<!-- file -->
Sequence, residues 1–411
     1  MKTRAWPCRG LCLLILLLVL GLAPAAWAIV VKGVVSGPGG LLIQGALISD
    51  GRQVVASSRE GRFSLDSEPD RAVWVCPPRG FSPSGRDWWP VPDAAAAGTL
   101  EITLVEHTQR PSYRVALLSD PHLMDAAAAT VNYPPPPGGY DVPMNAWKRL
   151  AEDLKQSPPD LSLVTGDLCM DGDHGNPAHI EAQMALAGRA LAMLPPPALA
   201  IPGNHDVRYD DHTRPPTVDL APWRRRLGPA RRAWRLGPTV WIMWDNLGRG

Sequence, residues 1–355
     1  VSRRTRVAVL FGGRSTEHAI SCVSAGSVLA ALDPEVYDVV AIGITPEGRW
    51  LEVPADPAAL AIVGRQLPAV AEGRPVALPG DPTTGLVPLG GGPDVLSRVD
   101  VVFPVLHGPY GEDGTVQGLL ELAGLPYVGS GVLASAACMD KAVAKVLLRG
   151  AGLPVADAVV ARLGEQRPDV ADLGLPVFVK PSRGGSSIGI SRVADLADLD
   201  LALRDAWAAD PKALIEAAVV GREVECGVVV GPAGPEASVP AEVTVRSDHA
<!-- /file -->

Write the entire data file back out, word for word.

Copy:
Sequence, residues 1–411
     1  MKTRAWPCRG LCLLILLLVL GLAPAAWAIV VKGVVSGPGG LLIQGALISD
    51  GRQVVASSRE GRFSLDSEPD RAVWVCPPRG FSPSGRDWWP VPDAAAAGTL
   101  EITLVEHTQR PSYRVALLSD PHLMDAAAAT VNYPPPPGGY DVPMNAWKRL
   151  AEDLKQSPPD LSLVTGDLCM DGDHGNPAHI EAQMALAGRA LAMLPPPALA
   201  IPGNHDVRYD DHTRPPTVDL APWRRRLGPA RRAWRLGPTV WIMWDNLGRG

Sequence, residues 1–355
     1  VSRRTRVAVL FGGRSTEHAI SCVSAGSVLA ALDPEVYDVV AIGITPEGRW
    51  LEVPADPAAL AIVGRQLPAV AEGRPVALPG DPTTGLVPLG GGPDVLSRVD
   101  VVFPVLHGPY GEDGTVQGLL ELAGLPYVGS GVLASAACMD KAVAKVLLRG
   151  AGLPVADAVV ARLGEQRPDV ADLGLPVFVK PSRGGSSIGI SRVADLADLD
   201  LALRDAWAAD PKALIEAAVV GREVECGVVV GPAGPEASVP AEVTVRSDHA